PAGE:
Summer-born children ‘not ready for school at four’, says study

Summer-born children who start school at the age of four may suffer serious stress and anxiety that could damage their educational prospects, a new report argues.‘Birthdate Effects: A Review of the Literature from 1990-on’, published by the Cambridge Assessment, part of Cambridge University, says that developmental psychology suggests that children between the ages of four and five may not be ready for formal schooling.It says factors such as leaving familiar surroundings, facing separation from their parents and adapting to new routines could help to explain why children born in the summer perform less well overall in exams than those born in autumn or winter.

In a letter to Sir Jim Rose, who is conducting a Government-backed review into primary education, Tim Oates, group director of assessment research and development at Cambridge Assessment, called for urgent research into how best to remedy the birthdate effect.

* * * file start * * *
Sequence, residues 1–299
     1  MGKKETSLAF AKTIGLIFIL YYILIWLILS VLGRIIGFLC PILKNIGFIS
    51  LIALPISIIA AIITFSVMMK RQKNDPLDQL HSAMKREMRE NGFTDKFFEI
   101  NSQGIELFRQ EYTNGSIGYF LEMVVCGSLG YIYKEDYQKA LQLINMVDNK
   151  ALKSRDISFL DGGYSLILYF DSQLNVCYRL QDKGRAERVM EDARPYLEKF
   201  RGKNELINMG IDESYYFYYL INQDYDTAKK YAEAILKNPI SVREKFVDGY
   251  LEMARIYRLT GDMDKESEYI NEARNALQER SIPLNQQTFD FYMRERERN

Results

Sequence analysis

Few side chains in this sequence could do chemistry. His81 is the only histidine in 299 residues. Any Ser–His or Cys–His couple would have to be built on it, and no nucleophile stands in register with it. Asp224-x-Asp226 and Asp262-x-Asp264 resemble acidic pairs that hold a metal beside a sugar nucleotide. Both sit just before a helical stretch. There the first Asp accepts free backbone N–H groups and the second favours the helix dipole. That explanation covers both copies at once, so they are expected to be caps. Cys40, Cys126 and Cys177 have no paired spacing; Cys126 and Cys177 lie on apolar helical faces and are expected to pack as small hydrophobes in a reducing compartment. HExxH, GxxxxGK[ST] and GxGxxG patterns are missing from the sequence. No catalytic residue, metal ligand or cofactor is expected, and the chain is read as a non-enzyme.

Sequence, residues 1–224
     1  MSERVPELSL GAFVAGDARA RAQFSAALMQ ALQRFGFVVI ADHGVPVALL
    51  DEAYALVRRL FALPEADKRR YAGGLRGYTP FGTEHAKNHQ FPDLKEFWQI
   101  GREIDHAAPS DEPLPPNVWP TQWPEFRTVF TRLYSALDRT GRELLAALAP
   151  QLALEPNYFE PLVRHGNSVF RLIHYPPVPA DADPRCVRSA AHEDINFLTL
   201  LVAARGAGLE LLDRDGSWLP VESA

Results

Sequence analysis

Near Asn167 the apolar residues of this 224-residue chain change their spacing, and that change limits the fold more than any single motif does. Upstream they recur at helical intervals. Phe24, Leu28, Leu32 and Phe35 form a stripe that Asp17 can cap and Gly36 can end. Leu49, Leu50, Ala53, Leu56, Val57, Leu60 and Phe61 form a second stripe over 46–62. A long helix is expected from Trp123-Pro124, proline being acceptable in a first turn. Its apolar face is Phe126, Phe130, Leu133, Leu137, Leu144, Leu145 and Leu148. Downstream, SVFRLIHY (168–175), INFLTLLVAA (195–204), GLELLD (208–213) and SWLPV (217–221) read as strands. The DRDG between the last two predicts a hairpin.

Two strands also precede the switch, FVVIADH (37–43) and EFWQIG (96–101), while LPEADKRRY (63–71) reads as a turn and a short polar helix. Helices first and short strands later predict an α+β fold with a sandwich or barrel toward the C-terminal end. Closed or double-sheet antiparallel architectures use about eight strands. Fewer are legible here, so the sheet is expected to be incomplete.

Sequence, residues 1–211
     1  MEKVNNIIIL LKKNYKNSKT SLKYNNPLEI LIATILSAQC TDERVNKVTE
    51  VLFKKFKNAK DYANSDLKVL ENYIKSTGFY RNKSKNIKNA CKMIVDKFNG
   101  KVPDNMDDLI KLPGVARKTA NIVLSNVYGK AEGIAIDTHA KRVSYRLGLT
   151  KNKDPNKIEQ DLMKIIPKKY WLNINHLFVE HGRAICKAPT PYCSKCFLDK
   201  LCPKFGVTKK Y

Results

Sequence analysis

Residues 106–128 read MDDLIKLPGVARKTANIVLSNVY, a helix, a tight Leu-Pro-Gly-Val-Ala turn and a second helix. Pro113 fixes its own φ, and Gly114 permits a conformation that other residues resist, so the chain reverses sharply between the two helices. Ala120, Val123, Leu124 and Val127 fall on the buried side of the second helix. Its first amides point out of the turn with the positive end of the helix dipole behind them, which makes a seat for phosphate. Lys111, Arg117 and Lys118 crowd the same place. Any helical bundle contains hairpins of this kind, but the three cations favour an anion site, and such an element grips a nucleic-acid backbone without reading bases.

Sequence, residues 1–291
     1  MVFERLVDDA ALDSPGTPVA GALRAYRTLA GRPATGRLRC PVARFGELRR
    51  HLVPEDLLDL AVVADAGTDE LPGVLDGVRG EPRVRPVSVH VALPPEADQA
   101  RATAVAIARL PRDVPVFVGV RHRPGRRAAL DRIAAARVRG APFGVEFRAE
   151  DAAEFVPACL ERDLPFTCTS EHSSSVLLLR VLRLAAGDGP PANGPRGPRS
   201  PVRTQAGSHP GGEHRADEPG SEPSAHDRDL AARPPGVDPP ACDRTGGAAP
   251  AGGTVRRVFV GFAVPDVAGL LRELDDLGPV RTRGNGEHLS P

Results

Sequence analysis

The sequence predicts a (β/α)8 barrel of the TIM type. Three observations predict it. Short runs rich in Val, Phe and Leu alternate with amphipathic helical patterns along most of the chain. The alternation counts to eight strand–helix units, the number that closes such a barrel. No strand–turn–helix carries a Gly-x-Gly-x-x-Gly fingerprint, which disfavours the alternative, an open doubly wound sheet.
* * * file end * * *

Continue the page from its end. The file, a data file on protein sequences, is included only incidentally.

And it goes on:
Mr Oates said, ‘For years, evidence of a birth date effect has stared out of qualifications data; summer-born children appear to have been strongly disadvantaged. While those responsible for working on these data have, through mounting concern, periodically tried to bring public attention to this very serious issue, it has been neglected by agencies central to education and training policy.’

We have seen many children leave the nursery who were patently not ready to go to school. But when school is free how many parents will be prepared to keep for their child to stay on at nursery?

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